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|As They Say to the Kid in Right Field, “The Ball Will Find You”|
Posted 13 days ago
While the 2017 wildfire season has been comparatively quiet to date, there are indeed some fires chewing up the landscape over Alaska’s northeastern Interior, and now much of the state is beginning to notice.
This image below was taken by the Suomi National Polar Partnership (S-NPP) satellite as it glided over Alaska this afternoon. The wavelengths shown here are exactly what the human eye would see if we could hitch a ride on the S-NPP satellite. While weather satellites can detect signals across a variety of wavelengths including infrared and microwave, it turns out that the visible spectrum with which we humans are quite familiar is one of the best ways to highlight the smoke plumes from wildfires. With high pressure draped along the Brooks Range, a northeasterly flow is blowing the smoke from its point of origin in the northeastern Interior toward the southwest and across much of the state.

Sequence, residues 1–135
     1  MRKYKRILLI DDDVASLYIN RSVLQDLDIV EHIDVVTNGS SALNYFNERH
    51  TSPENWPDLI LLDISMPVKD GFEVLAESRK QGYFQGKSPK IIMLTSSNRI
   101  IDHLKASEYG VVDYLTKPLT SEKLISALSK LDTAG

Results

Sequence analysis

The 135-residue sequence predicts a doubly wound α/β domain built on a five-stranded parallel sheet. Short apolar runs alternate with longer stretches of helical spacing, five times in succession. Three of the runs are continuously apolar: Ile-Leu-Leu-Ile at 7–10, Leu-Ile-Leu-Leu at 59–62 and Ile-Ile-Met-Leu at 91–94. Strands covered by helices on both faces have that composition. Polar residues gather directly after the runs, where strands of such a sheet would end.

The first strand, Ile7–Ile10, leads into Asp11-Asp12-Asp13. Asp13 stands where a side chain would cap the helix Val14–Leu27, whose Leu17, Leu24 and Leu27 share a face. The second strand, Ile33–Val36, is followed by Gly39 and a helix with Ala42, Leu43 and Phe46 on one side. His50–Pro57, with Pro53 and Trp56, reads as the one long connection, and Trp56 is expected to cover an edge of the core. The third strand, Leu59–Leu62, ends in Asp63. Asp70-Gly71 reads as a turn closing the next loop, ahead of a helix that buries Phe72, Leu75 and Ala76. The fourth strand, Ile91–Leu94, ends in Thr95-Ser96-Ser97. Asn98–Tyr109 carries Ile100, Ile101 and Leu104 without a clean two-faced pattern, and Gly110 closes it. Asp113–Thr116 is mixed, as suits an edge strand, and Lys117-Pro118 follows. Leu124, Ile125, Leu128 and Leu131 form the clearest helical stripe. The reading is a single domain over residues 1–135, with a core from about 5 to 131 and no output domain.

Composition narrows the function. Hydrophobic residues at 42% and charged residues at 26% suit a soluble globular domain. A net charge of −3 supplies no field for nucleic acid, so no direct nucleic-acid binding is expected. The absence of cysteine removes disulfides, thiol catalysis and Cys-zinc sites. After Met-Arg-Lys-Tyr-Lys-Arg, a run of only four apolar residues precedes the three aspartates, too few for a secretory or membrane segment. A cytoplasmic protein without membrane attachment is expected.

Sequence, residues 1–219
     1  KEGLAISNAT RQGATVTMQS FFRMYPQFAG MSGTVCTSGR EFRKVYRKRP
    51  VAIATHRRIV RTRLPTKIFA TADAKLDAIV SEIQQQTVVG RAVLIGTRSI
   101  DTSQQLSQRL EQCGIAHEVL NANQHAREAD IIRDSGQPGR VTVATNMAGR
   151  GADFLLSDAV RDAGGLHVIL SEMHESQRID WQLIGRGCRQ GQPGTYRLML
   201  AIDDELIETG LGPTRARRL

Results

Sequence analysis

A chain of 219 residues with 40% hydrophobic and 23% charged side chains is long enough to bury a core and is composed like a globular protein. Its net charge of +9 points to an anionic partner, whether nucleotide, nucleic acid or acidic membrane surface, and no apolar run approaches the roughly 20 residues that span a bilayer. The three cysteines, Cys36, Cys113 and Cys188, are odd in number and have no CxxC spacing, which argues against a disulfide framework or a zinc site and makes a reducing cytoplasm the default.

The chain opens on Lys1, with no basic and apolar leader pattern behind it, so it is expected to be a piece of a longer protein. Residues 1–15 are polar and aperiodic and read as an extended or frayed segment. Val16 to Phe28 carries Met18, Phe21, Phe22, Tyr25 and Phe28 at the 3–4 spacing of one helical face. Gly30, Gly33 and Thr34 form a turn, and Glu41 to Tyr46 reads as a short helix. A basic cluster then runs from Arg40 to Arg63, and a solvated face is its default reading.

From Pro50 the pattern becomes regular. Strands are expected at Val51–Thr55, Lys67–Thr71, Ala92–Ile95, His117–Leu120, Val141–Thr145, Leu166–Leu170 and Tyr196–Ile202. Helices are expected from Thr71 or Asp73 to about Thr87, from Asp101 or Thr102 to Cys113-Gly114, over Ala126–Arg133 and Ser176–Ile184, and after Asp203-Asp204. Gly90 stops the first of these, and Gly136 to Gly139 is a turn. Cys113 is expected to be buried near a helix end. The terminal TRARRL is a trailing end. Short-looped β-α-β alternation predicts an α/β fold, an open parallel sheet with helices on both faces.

Here in the Fairbanks area the smoke has thus far mainly remained aloft, with the results being an orange color to the sun and a tinge of smoky smell in the air. The National Weather Service forecasts a change in wind direction after a few more days which will push the smoke eastward into Canada.